Wisdom Marine Buys Two Bulker Newbuildings

Taiwanese dry bulk shipowner Wisdom Marine Lines is to expand its fleet with two 61,000 dwt bulk carrier newbuildings.

The company informed that it received the approval from its Board of Directors to purchase the two ships from Tokyo-based builder Kawasaki Heavy Industries, Ltd.

Wisdom Marine is paying a total of USD 52 million for the transaction, that is USD 26 million per unit.

The amount would be paid in installments until the deliveries, the company said, adding that the ships are being acquired as part of its portfolio management plans.

Once delivered, the new vessels will join Wisdom Marine’s fleet of 124 vessels. (World Maritime News)


Pantheon adds to Greek tanker ordering rush

The Greek rush for tanker newbuilds continues apace. Brokers are linking Pantheon Tankers with an order for a brace of 114,700 dwt aframaxes at Hanjin Heavy Industries & Construction’s yard in Subic Bay in the Philippines. The Tier III ships will deliver in 2019 and are costing $43m each.

In July, Pantheon bought a six-year old aframax for $28m. Its fleet now numbers just over 20 ships with an orderbook featuring five vessels under construction in Japan, South Korea and now the Philippines.

Greek owners started the year in strong tanker ordering mode and after a lull are closing out 2017 as they began with a host of orders raining in at Asian yards. (Splash247)


Supramax sales show no sign of easing

The appetite for supramaxes shows no sign of abating in the final few weeks of 2017.

Clarksons Research has details of four recent supramax sales in its latest weekly report.

Osaka-based Santoku Senpaku has sold the 2012-built Canary K for $16.7m to Neptune Lines. Clarksons notes the vessel does not have M0 class notation, meaning that the engine room cannot be unattended, which would have had a negative effect on the price achieved considering that the two year older Spring Eagle, which was sold recently for a price in the low $15m.

Meanwhile, the Japanese controlled Tess 58 design King Freight has been sold for what Clarksons described as a “steady” $14.5m to Empros Lines while another Japanese owner, Onward Marine Service, has sold the 11-year old Mitsui 56 design Santa Anna for a price of $11.7m to an undisclosed party. Japanese owners have been the largest sellers of bulk carriers so far this year.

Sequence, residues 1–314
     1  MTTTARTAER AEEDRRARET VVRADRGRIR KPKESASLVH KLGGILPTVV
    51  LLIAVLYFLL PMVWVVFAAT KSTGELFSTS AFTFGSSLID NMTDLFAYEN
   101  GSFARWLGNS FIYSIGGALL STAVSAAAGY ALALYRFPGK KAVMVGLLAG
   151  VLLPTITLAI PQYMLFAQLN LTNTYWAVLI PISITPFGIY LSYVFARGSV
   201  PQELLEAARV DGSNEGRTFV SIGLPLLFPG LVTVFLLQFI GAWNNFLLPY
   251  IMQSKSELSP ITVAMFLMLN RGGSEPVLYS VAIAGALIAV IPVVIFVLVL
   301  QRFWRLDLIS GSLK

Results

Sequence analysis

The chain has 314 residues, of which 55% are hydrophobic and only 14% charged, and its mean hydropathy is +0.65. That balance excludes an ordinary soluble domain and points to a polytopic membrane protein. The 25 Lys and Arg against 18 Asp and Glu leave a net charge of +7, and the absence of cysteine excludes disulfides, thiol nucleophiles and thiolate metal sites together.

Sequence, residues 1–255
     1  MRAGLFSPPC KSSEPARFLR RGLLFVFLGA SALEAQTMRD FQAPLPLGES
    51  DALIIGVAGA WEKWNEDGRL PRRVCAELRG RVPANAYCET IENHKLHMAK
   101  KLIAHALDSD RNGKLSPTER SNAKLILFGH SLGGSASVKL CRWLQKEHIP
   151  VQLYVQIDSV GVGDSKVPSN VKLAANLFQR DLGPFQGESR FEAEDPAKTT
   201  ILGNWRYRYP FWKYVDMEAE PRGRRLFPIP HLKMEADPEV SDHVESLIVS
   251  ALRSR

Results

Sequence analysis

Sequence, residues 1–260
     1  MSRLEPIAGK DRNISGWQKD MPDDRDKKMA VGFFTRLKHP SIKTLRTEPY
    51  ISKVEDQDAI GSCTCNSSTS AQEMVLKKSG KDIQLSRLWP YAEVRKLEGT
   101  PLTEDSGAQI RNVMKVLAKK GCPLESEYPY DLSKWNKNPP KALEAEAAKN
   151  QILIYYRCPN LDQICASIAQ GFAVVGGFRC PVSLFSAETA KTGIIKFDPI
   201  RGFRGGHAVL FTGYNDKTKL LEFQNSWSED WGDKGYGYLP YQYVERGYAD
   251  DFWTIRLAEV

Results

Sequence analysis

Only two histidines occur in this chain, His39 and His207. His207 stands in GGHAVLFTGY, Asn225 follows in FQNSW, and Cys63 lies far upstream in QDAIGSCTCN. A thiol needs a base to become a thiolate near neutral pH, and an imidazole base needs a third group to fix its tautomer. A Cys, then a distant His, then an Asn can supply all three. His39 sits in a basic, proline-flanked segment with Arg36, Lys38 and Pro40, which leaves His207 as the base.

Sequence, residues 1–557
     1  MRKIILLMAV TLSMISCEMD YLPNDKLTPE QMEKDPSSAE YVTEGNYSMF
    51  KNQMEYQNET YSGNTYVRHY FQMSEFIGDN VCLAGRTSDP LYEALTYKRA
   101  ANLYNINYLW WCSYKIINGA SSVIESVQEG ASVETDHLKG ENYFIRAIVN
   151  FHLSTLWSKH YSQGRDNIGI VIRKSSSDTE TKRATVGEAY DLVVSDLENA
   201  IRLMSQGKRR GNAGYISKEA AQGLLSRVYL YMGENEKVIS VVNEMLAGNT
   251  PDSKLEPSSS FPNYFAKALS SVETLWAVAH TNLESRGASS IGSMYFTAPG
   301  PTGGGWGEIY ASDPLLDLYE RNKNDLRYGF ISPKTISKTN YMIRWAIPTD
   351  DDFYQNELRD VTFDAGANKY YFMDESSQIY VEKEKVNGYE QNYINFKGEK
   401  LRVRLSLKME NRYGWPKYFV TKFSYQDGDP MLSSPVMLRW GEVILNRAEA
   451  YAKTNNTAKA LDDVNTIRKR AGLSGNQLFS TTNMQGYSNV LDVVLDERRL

Supramax average earnings this year have hit $10,506 a day, a significant improvement over 2016’s $6,264 average. (Splash247)


Eagle Bulk Buys One More Crown-63 Ultramax

Connecticut-based owner and operator of dry bulk vessels Eagle Bulk Shipping has acquired a 2015-built Crown-63 Ultramax bulk carrier.

As informed, the ship was purchased for USD 21.275 million.

Although the name of the ship was not disclosed, VesselsValue’s data shows that Eagle Bulk bought the 2015-built Ultramax bulker Essence of Seatrek from Seatrek Trans on December 13.

The 63,500 dwt vessel was constructed at Yangzhou Dayang Shipbuilding in China, the same yard as the nine Ultramaxes acquired by the company earlier this year, and is of similar design.

The bulker is scheduled to be delivered to the company in January 2018 and will be renamed the M/V New London Eagle.

Including the M/V New London Eagle, the company’s fleet will comprise 47 vessels, including 12 Ultramaxes purchased over the last 12 months. (World Maritime News)